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The latest scoop on act food safety woes

February 4, 2015

A number of food safety scares have arisen recently throughout the Australian Capital Territory, leading to a spate of stomach-turning ACT news reports.

The standards of food safety within Australia require businesses and corporations to focus on producing food that is safe to consume, regardless of whether that food is sold fresh from market or on a plate at a local restaurant. Yet despite these requirements, recent evidence suggests that certain organisations continue to ignore the demand for food safety.

Bakery fined for safety breaches

One of the most popular private bakeries in Canberra was issued a fine of $10,000 at the end of January this year, following the discovery that their food practices lead to a huge public health risk. Bread Nerds, or “That Bagel Place” held their hands up and admitted responsibility in the ACT court when they were given seven charges of failure to comply with food standards.

The sentence was carried out two years after the original breaches occurred, including uncleanliness and residue build up on ovens, floors, surfaces, benches and more. Originally, the report came from an inspection that was conducted in August 2012. However, the case was delayed as ACT was forced to rule on their ability to charge offenders with multiple breaches in the Food Act.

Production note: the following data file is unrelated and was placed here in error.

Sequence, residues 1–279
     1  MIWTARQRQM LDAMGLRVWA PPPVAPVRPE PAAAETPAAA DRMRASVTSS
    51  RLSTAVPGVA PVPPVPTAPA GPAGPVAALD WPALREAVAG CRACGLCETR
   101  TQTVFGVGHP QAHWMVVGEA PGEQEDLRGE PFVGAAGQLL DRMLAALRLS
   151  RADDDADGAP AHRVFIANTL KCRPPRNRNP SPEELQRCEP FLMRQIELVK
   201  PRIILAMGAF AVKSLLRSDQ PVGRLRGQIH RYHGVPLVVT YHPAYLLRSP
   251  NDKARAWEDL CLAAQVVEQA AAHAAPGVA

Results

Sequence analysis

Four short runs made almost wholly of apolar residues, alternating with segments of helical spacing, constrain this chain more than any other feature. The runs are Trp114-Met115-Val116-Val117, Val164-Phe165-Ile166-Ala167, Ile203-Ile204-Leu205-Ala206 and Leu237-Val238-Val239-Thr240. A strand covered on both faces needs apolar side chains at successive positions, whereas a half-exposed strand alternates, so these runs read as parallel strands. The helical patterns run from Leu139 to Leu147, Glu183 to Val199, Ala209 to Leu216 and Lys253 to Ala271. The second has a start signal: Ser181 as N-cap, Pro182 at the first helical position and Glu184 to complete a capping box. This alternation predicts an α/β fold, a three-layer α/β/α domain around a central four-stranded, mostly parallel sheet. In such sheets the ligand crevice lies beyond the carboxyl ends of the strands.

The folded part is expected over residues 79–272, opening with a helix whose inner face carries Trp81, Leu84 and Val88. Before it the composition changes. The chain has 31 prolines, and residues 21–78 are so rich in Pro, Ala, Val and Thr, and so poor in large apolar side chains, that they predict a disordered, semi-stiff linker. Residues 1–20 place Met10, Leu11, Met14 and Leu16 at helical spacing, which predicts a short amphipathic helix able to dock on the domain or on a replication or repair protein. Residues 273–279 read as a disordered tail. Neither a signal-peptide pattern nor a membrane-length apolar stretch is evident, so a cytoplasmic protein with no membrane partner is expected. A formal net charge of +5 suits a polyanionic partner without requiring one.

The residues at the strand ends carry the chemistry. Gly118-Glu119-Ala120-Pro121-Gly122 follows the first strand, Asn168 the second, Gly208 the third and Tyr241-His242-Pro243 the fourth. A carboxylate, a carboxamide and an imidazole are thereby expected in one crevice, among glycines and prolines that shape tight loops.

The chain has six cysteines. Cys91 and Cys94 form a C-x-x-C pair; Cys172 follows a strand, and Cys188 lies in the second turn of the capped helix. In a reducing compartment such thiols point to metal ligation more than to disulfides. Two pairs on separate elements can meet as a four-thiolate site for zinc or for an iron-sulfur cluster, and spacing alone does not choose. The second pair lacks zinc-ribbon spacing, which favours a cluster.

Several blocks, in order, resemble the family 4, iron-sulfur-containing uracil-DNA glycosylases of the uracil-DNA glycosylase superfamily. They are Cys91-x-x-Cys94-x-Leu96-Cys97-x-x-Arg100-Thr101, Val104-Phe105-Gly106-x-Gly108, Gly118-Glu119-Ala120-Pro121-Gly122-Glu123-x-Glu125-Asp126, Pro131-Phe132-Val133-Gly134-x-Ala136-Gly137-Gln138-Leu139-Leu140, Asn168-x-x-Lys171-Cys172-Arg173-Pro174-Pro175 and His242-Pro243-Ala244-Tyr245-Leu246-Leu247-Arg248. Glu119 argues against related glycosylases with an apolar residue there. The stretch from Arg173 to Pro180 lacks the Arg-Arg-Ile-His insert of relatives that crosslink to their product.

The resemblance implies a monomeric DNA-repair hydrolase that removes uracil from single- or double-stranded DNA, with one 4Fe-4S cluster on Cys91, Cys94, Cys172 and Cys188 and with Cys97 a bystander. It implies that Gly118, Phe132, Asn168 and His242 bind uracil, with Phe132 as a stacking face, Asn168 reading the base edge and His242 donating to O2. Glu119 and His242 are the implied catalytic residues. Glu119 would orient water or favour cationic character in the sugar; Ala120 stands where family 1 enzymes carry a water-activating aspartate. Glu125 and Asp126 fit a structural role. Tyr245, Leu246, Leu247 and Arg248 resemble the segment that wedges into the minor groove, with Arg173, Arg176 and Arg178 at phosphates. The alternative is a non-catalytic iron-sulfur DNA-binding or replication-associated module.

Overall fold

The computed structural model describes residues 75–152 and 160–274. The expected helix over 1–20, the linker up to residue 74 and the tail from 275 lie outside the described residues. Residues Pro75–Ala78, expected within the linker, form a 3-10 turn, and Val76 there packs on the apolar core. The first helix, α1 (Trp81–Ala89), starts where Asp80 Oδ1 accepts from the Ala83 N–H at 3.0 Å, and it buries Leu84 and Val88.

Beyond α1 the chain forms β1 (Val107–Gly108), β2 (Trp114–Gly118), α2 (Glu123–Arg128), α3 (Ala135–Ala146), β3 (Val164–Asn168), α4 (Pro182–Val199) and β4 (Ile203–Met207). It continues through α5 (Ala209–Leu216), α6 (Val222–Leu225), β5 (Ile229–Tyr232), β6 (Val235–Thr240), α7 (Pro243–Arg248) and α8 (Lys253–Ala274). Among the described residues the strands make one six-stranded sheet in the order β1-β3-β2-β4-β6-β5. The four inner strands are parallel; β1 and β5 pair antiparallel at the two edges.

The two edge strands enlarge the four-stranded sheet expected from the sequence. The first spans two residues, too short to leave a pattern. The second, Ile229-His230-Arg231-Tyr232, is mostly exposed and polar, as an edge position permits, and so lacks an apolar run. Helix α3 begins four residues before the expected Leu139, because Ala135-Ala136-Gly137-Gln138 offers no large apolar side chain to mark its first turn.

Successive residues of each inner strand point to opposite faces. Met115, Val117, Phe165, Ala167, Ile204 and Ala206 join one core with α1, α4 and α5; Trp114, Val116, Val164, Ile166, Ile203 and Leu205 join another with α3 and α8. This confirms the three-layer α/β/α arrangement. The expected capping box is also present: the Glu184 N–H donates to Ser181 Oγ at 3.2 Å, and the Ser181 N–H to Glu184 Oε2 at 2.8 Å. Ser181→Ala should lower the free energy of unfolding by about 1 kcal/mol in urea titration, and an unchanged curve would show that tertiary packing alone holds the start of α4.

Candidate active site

Restaurant lets cockroaches run free on moral grounds

Most of us have seen a number of movements against animal cruelty over the years, but the owner of a popular Dickson restaurant recently took the concept too far by refusing to wipe out a cockroach infestation, due to moral opposition.

After the Kingsland Restaurant, known for serving vegetarian and vegan foods, was fined $16,000 for a number of sickening health violations, the owner refused to clean up his creepy-crawly kitchen, because he felt uncomfortable “killing little insects”.

The owner of the restaurant, Khanh Hoang, admitted that he knew about the infestation, and pleaded guilty to eight out of twelve charges for breaching the Food Act. According to court documents: “The presence of insects is a key indicator that surfaces are unclean and food is left unattended.” Aside from the insects, the kitchen was a disgrace, with equipment and surfaces covered in waste, food, and debris.

Students suffer mass food safety breach

And in yet another ACT incident, an Australian National University celebration that took place last year left a number of students calling in sick to class. Now, a number of the fifty-three victims who fell ill with gastroenteritis have engaged lawyers, and intend to sue Scolarest, the company responsible for the food, and the outbreak.

The subsequent ACT investigation discovered the presence of campylobacter jejuni in the liver pate – bacteria that often survive poor cooking methods.